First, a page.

This is but a mere drop in the sea of generous donations that are made to the cause on a daily basis. But to me, it is like gold. The importance of such a gesture is indicative of the nature of the leadership that surrounds her, and the compassion she has in her heart for people who are suffering. At a time where most pre-teens and teenagers are worried about things like getting the newest electronic gadget or getting their hair and makeup just so, it's nice to see that there are young people in the generations that are following ours that are aware of the impact that cancer, or other chronic diseases has on a family and loved ones. The drastic change in in her image by cutting off ten inches of her hair is something that would be stressful for someone her age, and it takes a lot of will to overcome the anxiety she would have had, in order to offer such a precious gift.
So to Joanne and Jenna, as well as all those who are, or who have wonderful role models in their lives, I say thanks. On behalf of all breast cancer patients, and those who have survived and know the importance of such a gesture, we are grateful beyond words. Your action says it all.
Unsurprisingly, the study found that a history of breast cancer has a significant impact on how a woman's breasts look later in life. Breast cancer impacts breasts in three ways: 1. Women with breast cancer have more scarring on their breasts than women who never had breast cancer. 2. Cancer survivors have greater <a href="http://en.wikipedia.org/wiki/Ptosis_(breasts)" target="_hplink">glandular ptosis</a>, otherwise known as drooping or saggy breasts. 3. Women who survived breast cancer are also more likely to have asymmetrical breasts.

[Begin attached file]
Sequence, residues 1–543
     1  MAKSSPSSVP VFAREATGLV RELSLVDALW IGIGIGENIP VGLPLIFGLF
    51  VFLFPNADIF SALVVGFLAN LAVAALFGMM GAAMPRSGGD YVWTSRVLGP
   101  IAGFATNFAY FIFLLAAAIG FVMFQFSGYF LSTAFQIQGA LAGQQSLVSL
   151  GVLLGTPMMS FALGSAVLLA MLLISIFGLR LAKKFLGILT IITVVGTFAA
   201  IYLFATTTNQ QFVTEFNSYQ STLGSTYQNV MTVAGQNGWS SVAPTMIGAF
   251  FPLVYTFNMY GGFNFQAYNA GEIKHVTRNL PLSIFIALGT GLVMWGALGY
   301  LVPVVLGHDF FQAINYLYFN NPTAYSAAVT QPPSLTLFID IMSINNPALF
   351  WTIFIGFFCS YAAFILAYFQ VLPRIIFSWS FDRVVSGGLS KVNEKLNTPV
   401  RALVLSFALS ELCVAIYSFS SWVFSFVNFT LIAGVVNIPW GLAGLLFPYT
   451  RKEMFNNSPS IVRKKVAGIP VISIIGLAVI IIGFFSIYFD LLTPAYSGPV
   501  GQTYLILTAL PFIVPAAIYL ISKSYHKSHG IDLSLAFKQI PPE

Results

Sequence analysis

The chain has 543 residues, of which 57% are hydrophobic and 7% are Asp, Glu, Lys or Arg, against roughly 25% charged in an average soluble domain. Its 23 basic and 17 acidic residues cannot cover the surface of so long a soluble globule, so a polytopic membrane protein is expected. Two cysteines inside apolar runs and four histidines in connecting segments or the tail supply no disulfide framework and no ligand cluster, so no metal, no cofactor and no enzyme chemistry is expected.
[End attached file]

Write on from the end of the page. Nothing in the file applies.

Smoking cigarettes also negatively impacts women's breasts over time, the study showed. Cigarettes decrease breasts' skin quality, breast projection (meaning the distance that one's breasts extend forward from the chest). Women who smoked cigarettes were also found to have less attractive breast size and less attractive areolar size (the skin surrounding the nipple).
Hormone replacement therapy (HRT), a treatment generally used to decrease the symptoms of menopause, was found to have positive effects on breast attractiveness. Not only did women who went through HRT have breasts that looked younger than those that didn't undergo the treatment, but they also had more attractive breast size, shape and areolas. Women who underwent HRT were also found to have better breast projection (perkiness) and fewer patches of darkened skin on their breasts. This apparent benefit of HRT notwithstanding, researchers and physicians continue to <a href="http://www.myhealthnewsdaily.com/1227-5-experts-hormone-replacement-therapy-safe.html" target="_hplink">debate the safety of HRT</a>. Studies have found that some kinds of HRT may increase <a href="http://www.myhealthnewsdaily.com/485-hormone-therapy-increases-ovarian-cancer-risk.html" target="_hplink">risk of ovarian cancer</a> and <a href="http://www.cancer.org/Cancer/CancerCauses/OtherCarcinogens/MedicalTreatments/menopausal-hormone-replacement-therapy-and-cancer-risk" target="_hplink">breast cancer</a>, while other types of HRT may <a href="http://www.myhealthnewsdaily.com/645-estrogen-hormone-replacement-therapy-reduces-breast-cancer.html" target="_hplink">decrease risk of certain cancers.</a>
Women who moisturized their skin daily were found to have significantly fewer wrinkles on their breasts than those who did not. Moisturizing was also associated with fewer stretch marks and dark patches on the skin. (Anyone else reaching for their bottle of moisturizer right now?)